Outdoor Tracks: Quadriplegia and Crossbows

Although Kary Wright needs help loading his crossbow, he says paras and quads with finger movement will find it easy to do on their own.

Although Kary Wright needs help loading his crossbow, he says paras and quads with finger movement will find it easy to do on their own.

“Do you have time to play today?” asks Dave (silly question).

“Sure do, there’s always time to play. What do you have in mind?” I reply.

“How about trying that new bow of yours?”

“You bet, see you when you get here!”

Now there’s a true friend. Dave gets off work early and on the spur-of-the-moment is game to travel over an hour’s-drive and shoot targets! Terryll helps me find my hunting paraphernalia — gun-rack, bow, arrows, range-finder, video camera, another video camera, full coffee, snacks, etc. See how my sweet wife gets roped in again? I don’t try to do it on purpose, it’s just that I love to do things, and doing things as a quadriplegic neccessitates getting assistance from others. I do try to spread the workload and am very fortunate to have friends who are eager to help. I’m not sure if these nice folks like to see me succeed at stuff, or just want to be nearby for free entertainment when I inevitably screw up. Oh well, it doesn’t matter how many times you fall, as long as you get up just as many times.

I absolutely loved my Christmas present this year. Well, to tell the truth, I researched it, picked it out, ordered it, had a friend in Pennsylvania pick it up and ship it, and then my wife found out how much I loved what she got me. To be fair, she equally loved the camera toys that she picked out for me to get her.

I chose a new Barnett Ghost 400 crossbow. My old crossbow, while still working, was 20 years old and pretty slow, firing arrows at a mere 250 feet per second. This meant its effective range is only about 30-40 yards, and the arrow would drop pretty drastically after that. The new Ghost 400 shoots an arrow a whopping 400 feet per second. Therefore the arrow drops much less over distance and retains its accuracy much better in wind. I’m sure you will agree that I needed a new bow. At least that’s my story and I’m stickin’ to it!

* * *

crossbow-shooting-trip“Are you ready?” asks Dave, closing the door to his truck.

“Yep, it’s pretty windy and it isn’t sighted in yet, so how about trying at 25 yards first?”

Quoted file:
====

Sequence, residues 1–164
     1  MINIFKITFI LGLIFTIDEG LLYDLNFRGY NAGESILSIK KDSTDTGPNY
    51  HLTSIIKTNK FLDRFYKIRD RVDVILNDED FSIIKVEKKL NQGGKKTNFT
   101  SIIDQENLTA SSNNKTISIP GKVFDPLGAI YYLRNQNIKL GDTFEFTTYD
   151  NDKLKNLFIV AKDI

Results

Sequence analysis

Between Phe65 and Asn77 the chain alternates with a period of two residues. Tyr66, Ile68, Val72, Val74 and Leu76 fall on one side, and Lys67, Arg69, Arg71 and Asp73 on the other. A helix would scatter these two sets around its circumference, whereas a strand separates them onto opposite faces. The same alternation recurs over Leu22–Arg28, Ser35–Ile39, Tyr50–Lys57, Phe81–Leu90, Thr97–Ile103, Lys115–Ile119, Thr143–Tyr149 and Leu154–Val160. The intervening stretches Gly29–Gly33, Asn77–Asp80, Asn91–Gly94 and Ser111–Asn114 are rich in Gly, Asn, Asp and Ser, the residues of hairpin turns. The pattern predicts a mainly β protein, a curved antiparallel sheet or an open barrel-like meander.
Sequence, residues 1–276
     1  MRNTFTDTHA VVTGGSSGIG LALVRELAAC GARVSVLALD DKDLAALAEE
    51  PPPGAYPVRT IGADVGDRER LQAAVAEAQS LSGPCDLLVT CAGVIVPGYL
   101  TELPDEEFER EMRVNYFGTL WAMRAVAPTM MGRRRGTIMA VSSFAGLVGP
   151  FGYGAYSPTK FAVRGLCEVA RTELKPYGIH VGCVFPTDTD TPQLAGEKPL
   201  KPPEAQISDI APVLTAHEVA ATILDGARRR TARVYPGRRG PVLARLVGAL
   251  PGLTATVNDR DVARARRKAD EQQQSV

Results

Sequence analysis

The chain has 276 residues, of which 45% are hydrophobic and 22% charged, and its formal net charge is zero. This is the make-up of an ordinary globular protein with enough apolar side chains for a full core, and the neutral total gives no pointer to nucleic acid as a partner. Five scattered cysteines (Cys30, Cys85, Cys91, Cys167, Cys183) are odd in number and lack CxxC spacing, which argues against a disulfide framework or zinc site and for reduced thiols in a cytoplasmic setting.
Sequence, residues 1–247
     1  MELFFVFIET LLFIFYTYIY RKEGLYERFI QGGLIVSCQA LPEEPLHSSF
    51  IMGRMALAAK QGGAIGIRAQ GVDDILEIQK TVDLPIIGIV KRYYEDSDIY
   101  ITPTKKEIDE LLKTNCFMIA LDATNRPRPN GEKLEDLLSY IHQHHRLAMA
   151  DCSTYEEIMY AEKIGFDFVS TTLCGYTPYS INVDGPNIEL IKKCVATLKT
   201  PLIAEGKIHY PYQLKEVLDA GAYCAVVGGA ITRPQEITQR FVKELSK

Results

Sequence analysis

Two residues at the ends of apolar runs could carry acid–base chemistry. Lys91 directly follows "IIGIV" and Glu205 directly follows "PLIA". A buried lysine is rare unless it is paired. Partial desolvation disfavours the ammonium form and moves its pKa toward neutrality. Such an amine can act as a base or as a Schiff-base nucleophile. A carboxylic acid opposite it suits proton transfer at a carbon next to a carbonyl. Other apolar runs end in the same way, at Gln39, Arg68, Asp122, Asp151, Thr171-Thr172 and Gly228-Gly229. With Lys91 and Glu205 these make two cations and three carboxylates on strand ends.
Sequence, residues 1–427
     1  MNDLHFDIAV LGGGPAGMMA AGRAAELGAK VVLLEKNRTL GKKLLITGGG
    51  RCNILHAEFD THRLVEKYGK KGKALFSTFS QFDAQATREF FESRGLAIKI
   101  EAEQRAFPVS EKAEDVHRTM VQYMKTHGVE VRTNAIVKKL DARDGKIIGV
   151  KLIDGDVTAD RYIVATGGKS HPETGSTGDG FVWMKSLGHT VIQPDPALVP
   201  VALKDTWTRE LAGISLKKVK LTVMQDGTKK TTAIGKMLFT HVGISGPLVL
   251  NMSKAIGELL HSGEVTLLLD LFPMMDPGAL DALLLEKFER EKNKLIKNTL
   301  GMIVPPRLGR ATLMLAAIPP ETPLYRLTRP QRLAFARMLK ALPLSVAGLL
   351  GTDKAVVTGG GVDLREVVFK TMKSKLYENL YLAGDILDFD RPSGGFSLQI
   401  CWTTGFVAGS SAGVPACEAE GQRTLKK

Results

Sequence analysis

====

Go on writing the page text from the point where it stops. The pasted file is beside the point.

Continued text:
“Sounds good,” says Dave, grabbing the multitude of stuff I have, heading to the field. It pays to have strong friends.

We set up the target at 25 yards, load an arrow in the bow, and I line up. I put the clothespin-type trigger-puller in my teeth and take aim. Then the safety is removed with the push of a button. I’m a little nervous about the first shot. I once saw my old crossbow fly apart when it was fired without the arrow properly locked on the string. The repairman said we were lucky that nobody got hurt or worse. I can only imagine the violence of this one coming apart, but fortunately it has a system to prevent dry-fires.

“Are you ready with the camera?” I ask.

“You bet,” says Dave. “Ghost 400 … take one!”

I take aim at the target through the scope and gently squeeze the trigger with my teeth, a little nervous. Clamping it further and further, I don’t know exactly when it will fire, but I concentrate on holding the sight on the bullseye.

“Tung … WHACK!”

The arrow crosses the 25 yards in a split second. We are amazed at the speed of the arrow. This is a huge improvement over the old bow. There was a little recoil like when you are shooting a small rifle, but not the sharp hit in the shoulder like a rifle gives. It was very comfortable to shoot.

Okay, now that the fear is out of the way, let’s see how accurate it is. The first arrow was imbedded deep in the target about 6 inches off center. Dave loads another arrow easily, using the crank device that is installed on the bow.

“Ready when you are, buddy!” he says, raising the camera.

“OK, gimp shooting crossbow … take two!” I tease.

I gently clamp down on the trigger and it fires again. This time I’m more excited than afraid to see what is going to happen.

“Tung … WHACK!”

Amazing! It has nearly put the arrow on top of the first one! We make a few quick adjustments on the scope to center it, and then we move back to 30 yards, confident that it will hit the target. We soon found that the bow is deadly accurate out to at least 70 yards, an incredible improvement over the old crossbow.

Target shooting is a great way to enjoy the outdoors. Sometimes we will shoot arrows, other times we’ll set up targets for rifles. Either way it is a fun time. Another great day in the outdoors, thanks to David Loshny and all of the people who helped get these adaptations figured out and built!

Frequently Asked Questions
quad-trigger-crossbowHow do you pull the trigger?
We built a clothespin-type device that pulls a bicycle brake cable attached to the trigger. I clamp this in my teeth to fire the bow or rifle.

How do you hold the bow?
I have a very simple gun holder that fits my rifles and the crossbow, designed by David.

What is the range of the bow?
We have tested it out to 70 yards. Right now I am accurate from close range all the way out to there. You do have to know the distance that you are shooting so you know which crosshair to use. We have a laser rangefinder that we take with us when we are shooting the bows.

Can you load the bow?
I cannot load it myself because of my lack of finger movement, but a lower level quad with some finger movement could load it. A paraplegic would have no trouble at all. The crank cocking device makes it quite easy to load.

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